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I know that "staff" is a singular collective noun. One of my clients is using the sentence, "All staff are responsible for exercising good judgment." I have edited this as incorrect because to me it needs to be "staff members" to be plural. Otherwise, it would read like, "All committee are responsible for exercising good judgment." Am I correct that using "all committee" this way is incorrect?

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  • @KillingTime: We would use notional agreement: All of the staff is responsible. Commented Dec 15, 2021 at 17:10
  • Before discussing the grammar, determine what meaning is to be conveyed. Is this about ndividuala Being ndividually responsible, or about collective responsibility? If the former, then you don't mean to refer to a staff (a body of people) but rather members of staff. So "All members of staff are..." or "Each/Every member of staff is..." Certainly not "all staff" -- there is no meaning that that word-sequence might express. It's like "all team" or "all department" or "all branch".
    – Rosie F
    Commented Dec 15, 2021 at 17:30
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    @Rosie F I can't agree: arguing from analogy doesn't work here. 'Staff' has varied usages (see Stuart's answer: Merriam-Webster also lets you use staff as a plural noun meaning members of staff [e.g. "employs three full-time staff"]). Commented Dec 15, 2021 at 18:01

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Staff can be singular or plural. In the collective sense of the body of people working for an organisation, it is a singular collective noun (although there is some variation in how people handle singular collective nouns, that isn't what the question is about).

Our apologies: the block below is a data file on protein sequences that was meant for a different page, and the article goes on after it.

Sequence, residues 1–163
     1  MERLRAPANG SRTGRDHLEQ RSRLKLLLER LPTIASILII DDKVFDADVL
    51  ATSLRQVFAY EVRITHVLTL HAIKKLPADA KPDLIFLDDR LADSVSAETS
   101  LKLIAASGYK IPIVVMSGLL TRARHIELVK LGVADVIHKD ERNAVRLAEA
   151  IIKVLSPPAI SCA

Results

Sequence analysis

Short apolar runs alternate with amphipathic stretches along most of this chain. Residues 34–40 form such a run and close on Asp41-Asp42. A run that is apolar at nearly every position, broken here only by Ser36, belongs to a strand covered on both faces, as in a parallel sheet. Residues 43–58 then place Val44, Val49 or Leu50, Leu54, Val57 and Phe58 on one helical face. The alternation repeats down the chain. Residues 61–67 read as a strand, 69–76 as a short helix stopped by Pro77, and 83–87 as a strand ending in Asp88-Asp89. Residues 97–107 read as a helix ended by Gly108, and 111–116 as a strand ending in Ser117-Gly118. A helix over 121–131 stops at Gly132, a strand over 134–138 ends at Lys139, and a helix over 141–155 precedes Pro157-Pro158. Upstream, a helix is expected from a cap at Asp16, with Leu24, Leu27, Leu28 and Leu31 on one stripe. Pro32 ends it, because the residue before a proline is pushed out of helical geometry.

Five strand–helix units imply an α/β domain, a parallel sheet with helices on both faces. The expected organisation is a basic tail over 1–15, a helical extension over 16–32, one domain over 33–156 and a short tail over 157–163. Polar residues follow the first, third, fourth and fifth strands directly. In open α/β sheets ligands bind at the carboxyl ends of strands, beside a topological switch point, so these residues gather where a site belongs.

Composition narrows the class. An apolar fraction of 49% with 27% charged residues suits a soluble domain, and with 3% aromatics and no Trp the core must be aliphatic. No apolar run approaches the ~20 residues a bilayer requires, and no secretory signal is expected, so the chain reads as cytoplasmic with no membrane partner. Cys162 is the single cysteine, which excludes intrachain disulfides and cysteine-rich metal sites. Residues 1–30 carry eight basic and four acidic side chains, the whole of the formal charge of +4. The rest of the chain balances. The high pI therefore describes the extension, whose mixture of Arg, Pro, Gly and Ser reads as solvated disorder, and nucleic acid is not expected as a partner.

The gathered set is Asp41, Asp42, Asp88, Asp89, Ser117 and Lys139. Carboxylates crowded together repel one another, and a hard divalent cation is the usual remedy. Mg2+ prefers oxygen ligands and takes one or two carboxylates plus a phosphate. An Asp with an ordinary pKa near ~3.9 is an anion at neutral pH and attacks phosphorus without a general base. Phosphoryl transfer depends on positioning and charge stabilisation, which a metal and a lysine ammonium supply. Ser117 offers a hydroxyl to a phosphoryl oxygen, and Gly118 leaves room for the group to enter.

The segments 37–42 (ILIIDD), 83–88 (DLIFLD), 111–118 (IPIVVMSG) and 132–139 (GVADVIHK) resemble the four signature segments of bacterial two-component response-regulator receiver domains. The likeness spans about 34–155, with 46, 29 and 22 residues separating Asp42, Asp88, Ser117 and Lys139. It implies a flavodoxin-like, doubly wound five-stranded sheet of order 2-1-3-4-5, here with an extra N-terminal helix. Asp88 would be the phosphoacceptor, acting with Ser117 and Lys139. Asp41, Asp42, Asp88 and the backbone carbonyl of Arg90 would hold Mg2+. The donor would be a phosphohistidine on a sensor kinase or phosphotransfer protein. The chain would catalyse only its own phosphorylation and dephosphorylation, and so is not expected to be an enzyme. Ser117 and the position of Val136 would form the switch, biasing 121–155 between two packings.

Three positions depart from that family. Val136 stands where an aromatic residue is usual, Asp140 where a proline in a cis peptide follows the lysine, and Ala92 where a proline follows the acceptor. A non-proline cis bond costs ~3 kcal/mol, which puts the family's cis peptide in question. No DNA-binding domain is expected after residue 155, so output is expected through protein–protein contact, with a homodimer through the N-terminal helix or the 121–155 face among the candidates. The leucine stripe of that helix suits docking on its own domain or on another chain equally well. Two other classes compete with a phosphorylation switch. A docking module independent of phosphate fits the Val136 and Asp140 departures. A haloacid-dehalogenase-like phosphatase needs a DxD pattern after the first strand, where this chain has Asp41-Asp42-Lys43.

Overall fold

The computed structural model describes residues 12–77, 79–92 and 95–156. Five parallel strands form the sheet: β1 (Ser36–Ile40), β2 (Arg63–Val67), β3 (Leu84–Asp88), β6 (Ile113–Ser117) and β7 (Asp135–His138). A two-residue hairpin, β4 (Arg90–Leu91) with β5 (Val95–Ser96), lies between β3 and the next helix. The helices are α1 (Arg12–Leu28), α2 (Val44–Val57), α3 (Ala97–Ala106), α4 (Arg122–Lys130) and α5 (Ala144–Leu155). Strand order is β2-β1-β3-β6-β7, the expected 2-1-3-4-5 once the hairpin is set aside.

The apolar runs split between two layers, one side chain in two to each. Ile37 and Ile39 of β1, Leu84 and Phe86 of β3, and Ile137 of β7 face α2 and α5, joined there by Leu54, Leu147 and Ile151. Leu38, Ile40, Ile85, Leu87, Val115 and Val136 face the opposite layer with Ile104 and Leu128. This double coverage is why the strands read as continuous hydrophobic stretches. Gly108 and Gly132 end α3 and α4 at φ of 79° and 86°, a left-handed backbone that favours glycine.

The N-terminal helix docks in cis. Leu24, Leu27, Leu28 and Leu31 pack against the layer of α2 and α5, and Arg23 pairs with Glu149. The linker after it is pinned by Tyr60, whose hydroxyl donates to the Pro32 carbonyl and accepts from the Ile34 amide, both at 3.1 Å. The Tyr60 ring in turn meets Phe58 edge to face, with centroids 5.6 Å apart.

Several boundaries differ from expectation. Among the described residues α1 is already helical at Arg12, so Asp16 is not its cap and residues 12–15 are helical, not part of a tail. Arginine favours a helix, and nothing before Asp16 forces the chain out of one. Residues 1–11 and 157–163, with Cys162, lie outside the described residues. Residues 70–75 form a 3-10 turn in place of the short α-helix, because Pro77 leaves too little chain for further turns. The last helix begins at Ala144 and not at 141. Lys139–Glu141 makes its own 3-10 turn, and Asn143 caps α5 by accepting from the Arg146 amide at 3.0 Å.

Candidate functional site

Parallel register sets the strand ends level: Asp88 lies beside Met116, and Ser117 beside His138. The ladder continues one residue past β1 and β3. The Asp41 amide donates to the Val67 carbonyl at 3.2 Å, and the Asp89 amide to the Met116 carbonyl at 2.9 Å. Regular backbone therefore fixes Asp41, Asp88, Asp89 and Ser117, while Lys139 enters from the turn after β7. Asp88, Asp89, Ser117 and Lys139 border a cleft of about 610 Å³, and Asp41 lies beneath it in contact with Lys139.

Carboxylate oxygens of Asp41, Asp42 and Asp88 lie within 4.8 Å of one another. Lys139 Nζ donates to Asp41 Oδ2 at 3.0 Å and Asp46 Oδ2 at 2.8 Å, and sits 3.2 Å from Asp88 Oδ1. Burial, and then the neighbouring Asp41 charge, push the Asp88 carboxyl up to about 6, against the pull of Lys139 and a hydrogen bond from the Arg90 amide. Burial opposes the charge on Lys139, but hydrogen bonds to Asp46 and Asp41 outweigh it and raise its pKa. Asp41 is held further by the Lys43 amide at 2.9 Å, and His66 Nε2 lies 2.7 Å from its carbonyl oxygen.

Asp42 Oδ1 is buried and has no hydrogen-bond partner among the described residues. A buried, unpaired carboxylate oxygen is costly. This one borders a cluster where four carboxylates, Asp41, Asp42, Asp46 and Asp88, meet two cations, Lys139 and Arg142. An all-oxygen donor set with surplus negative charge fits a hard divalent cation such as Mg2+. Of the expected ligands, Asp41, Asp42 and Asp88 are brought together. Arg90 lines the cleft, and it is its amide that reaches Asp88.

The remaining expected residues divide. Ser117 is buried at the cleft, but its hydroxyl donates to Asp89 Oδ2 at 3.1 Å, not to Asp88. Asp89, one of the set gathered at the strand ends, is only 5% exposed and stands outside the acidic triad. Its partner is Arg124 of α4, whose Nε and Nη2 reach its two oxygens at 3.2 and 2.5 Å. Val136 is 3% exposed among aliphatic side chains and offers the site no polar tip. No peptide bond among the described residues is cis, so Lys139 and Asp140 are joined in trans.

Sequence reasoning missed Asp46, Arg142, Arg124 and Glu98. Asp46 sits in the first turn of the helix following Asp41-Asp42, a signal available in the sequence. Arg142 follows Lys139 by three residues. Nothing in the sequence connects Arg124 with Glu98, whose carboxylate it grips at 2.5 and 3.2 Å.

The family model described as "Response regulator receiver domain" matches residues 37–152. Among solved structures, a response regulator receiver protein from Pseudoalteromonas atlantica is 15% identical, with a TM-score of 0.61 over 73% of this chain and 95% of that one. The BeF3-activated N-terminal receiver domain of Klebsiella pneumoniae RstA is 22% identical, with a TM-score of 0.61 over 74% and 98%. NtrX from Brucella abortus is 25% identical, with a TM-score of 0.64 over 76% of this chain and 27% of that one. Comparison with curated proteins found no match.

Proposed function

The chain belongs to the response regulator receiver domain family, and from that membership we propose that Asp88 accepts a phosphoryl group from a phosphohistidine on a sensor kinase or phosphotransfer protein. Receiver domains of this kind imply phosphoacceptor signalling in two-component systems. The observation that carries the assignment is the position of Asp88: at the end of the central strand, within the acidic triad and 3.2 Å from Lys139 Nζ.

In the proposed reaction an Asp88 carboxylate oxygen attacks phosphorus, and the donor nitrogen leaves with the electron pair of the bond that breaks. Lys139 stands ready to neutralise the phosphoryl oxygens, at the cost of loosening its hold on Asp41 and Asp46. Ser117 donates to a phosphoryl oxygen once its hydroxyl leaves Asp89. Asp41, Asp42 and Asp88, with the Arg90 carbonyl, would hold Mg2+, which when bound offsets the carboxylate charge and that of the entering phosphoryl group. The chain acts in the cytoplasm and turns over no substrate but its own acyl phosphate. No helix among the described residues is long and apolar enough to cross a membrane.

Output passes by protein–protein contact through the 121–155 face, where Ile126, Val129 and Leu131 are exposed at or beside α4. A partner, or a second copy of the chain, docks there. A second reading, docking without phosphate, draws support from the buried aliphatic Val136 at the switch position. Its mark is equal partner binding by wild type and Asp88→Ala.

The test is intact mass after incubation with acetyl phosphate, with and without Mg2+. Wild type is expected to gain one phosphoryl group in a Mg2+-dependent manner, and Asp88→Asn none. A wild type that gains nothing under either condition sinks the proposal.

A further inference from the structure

But Merriam-Webster also lets you use staff as a plural noun meaning members of staff (e.g. "employs three full-time staff"), so "all staff" could be a plural expression. It would be odd to use staff in this sense in the singular to mean a single person, but using it for more than one employee is fine. In such a case it will take a plural verb. Hence: "All staff are responsible for exercising good judgment."

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  • Yes, I'd not be happy with 'employs one full-time staff'. This is different from say quasi-count 'police', where 'three police were present' is awful but '3 000 police were present' has gained acceptability. // I'd focus on different usages rather than give a broad 'Staff can be singular or plural'. And I'd be more precise: 'In the usual collective sense of the body of people working for an organisation, staff is a singular-form (though the plural staffs is also available here) collective noun taking a singular verb form among those who stick to formal agreement, ... Commented Dec 15, 2021 at 19:31
  • but often given notional agreement especially in the UK. But Merriam-Webster also lets you use staff as a singular-form (but inherently plural and taking plural agreement) noun meaning members of staff (e.g. "employs three full-time staff [who work from home]").' Commented Dec 15, 2021 at 19:31

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